|WI - Cormorant Research Group||Scientific Literature||Great cormorant|
Reproduction of a Newly-established Population of the Cormorant in Northeastern Italy
Waterbirds 22 (2): 263-273, 1999
Abstract. A study of the breeding biology of the Great Cormorant (Phalacrocorax carbo sinensis) was carried out during 1993-1998 in the Po River Delta, a major wintering area in northeastern Italy. The first of five colonies was founded in 1993, and breeders increased from 69 pairs in 1994 to 285 pairs in 1998. The period of egg-laying lasted from early March to late July, but 65% of all clutches were initiated between late March and the end of April. The average clutch size (± SD) was 3.83 ± 0.65 eggs (range two to six). The survival rate of entire nests, evaluated by the Mayfield method, was always higher during the nestling stage than during incubation. The majority of losses occurred during the egg stage due to predation by Hooded Crows (Corvus corone cornix). During the five years, hatching success was 72-91% and total nest success, 67-86%. The number of young fledged per successful nest ranged between 2.3 and 2.9. The reproductive parameters of Great Cormorants recorded in the Po Delta lay at the upper range reported for NW Europe populations and are close to the estimated values for newly-established colonies in Italy and for growing colonies in the traditional breeding areas. Unlike other Italian colonies, the availability of breeding sites and food presently do not limit expansion of the breeding population in the Po Delta. If no control measures are undertaken, it is likely that this southern population will continue to grow.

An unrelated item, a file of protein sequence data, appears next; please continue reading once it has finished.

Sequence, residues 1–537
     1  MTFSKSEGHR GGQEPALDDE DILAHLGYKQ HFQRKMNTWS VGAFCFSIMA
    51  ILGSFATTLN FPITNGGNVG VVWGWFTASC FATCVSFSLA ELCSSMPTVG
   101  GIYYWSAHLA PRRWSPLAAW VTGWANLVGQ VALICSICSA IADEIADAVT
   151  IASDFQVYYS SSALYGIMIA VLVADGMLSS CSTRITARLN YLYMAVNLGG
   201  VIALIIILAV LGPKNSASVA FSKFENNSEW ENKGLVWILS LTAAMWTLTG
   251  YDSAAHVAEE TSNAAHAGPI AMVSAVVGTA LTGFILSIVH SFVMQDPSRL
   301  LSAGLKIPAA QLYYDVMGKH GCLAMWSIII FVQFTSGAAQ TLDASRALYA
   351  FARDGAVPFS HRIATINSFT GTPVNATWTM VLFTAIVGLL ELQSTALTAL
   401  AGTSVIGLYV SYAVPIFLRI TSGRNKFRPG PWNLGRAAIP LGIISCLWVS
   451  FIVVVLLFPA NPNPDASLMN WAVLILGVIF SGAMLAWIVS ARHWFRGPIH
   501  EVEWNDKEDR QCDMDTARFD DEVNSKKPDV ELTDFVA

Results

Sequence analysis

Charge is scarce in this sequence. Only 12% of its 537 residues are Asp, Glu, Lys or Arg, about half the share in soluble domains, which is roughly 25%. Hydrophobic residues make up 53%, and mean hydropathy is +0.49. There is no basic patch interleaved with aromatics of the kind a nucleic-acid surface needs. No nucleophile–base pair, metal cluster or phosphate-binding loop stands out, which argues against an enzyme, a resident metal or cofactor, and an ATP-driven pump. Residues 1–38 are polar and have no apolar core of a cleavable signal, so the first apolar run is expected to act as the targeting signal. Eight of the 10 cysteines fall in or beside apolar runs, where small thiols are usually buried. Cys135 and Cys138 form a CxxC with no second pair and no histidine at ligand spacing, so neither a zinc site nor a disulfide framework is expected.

Keywords. Breeding success, clutch size, colonization, Great Cormorant, Italy, reproduction, Phalacrocorax carbo sinensis, Po River Delta.
Department of Biology, University of Ferrara, Via L. Borsari
46,144100 Ferrara, Italy
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by S. Volponi